We are left to wonder in the story of Mr Greedy if he ever truly awakens from his slumbers of its opening pages, for beneath the veneer of the moral fable we remain very much situated in the realm of the unconscious throughout. In terms of subject matter, we might also ponder if the message of this work may be somewhat lost on its readership, being perhaps more relevant to a slightly older audience.
In Mr Greedy we meet the adolescent male libido, whose drives his voracious appetite can be taken to represent. He avidly guzzles whatever pleasures come before him, his gluttony implying frequent and fervid self-gratification. It is no surprise that his wanderings through the Freudian wilderness of dream quickly lead him to a cave - the sex. He cannot but venture within, licking his lips as he enters at the delicacies doubtless in store.
And what sights it has to show him - enormous culinary delights beyond all imagination. He bites on a giant apple of temptation, gorges on a colossal plate of bangers. The symbolism of neither is lost. But of course, in the domain of dream we find not only wish fulfilment. We also come face to face with our neuroses, the inner life we repress. The adolescent psyche is a difficult place, with much to process and overcome. Perhaps a little guilt is there at the autoerotic explorations of youth.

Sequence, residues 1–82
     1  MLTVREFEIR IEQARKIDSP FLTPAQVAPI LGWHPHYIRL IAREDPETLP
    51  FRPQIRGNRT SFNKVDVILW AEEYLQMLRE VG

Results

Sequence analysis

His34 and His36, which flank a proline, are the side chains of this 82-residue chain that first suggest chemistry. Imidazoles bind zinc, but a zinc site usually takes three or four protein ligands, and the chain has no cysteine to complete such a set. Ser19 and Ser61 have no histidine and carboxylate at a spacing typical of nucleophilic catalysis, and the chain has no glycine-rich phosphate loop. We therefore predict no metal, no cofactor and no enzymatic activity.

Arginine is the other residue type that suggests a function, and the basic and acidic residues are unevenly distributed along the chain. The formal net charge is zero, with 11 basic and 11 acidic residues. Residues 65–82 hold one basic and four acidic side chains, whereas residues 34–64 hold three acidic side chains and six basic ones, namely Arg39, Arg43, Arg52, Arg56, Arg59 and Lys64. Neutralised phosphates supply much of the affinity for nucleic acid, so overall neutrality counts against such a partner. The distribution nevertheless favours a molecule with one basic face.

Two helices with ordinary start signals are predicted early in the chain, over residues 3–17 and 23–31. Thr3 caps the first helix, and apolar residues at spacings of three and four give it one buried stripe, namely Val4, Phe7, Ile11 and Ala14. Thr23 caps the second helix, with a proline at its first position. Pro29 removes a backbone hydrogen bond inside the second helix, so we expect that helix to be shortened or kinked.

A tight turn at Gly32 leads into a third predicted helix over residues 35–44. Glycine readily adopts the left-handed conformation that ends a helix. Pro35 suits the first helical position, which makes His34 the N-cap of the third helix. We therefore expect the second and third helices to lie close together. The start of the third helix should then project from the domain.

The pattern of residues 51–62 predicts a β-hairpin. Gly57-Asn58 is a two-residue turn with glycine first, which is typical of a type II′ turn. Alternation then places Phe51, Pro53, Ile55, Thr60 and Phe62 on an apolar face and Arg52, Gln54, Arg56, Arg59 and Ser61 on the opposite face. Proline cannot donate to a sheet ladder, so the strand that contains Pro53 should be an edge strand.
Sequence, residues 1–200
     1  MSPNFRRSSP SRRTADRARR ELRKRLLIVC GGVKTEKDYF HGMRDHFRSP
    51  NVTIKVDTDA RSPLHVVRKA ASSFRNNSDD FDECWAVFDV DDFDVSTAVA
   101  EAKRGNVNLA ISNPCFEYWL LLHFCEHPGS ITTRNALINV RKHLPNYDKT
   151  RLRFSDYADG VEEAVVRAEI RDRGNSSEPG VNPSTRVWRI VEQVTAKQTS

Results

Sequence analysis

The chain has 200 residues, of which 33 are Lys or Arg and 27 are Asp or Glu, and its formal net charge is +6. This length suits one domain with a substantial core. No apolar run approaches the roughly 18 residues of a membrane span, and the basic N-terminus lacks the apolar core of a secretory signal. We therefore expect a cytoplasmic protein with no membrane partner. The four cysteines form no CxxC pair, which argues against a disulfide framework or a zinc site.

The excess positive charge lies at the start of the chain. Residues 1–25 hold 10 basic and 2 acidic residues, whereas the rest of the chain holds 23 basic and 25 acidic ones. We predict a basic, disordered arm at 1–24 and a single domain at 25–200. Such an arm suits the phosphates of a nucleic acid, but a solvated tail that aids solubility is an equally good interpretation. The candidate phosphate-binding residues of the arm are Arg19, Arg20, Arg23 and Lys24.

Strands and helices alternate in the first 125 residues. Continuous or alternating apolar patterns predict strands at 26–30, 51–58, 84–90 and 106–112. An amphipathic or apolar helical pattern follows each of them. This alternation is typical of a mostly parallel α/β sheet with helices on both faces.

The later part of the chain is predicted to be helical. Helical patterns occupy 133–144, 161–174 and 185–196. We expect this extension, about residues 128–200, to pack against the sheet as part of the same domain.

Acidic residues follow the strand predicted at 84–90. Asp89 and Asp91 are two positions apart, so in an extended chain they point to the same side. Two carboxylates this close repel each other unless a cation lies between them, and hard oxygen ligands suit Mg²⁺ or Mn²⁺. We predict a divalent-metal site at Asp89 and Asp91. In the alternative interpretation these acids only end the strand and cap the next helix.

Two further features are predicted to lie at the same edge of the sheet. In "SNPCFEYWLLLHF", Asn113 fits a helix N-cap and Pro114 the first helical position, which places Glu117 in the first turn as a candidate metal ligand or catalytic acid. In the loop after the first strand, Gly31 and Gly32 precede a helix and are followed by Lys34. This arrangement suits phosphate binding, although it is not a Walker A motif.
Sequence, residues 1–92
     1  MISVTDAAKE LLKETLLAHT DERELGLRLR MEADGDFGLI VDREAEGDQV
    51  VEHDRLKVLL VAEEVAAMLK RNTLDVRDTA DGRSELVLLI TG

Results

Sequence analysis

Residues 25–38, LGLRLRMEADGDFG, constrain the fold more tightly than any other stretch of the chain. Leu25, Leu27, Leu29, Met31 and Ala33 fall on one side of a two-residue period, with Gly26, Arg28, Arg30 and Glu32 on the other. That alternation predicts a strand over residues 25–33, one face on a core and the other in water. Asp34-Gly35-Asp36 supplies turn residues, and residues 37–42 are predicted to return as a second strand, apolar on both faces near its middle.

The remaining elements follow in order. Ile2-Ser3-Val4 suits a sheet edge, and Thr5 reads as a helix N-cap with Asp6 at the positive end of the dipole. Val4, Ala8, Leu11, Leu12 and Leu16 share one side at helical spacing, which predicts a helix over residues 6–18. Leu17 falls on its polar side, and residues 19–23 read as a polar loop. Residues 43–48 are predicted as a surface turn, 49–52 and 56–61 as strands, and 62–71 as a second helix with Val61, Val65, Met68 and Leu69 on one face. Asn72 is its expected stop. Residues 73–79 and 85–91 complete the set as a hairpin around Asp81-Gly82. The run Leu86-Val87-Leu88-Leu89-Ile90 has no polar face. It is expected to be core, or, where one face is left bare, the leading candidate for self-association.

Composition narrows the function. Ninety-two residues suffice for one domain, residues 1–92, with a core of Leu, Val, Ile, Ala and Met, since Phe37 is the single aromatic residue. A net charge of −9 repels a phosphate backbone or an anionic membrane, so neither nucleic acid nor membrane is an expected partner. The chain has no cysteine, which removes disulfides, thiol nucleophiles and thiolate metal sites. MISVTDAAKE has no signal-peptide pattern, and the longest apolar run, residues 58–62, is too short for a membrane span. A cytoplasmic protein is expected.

Sure enough, a giant appears. The overbearing father figure is once more present with the son in the womb - the battleground, the arena, for this particular complex. There is a telling picture in which we see only Mr Greedy’s head protruding from the vice-like grasp of the giant. With this, Hargreaves confirms that we are witness here essentially to a character wrestling himself, struggling against the pull of powerful internal forces.
And what storms we find have been raging in that bottomless pit of his! Mr Greedy is confronted with the Oedipal hatred and fear that has stalled him thus far at the oral stage of his psychosexual development, his insatiable appetite a regressive rebellion against the internalised paternal archetype. But when faced with the Father now, his guilt commands him to meekly accept the punishment decreed. The giant forces him to gorge on the unthinkable banquet of the mother’s flesh, where the mutual presence of the two locates us.
Mr Greedy emerges from his youthful excesses ostensibly a man of moderation, with increased regulation of his drives. But can we truly say he is cured? Some of the most disturbed criminal minds have found their genesis in less than what has passed here, and we shudder at the thought of what psychopathological maelstroms lie in wait for Mr Greedy. Better let him sleep?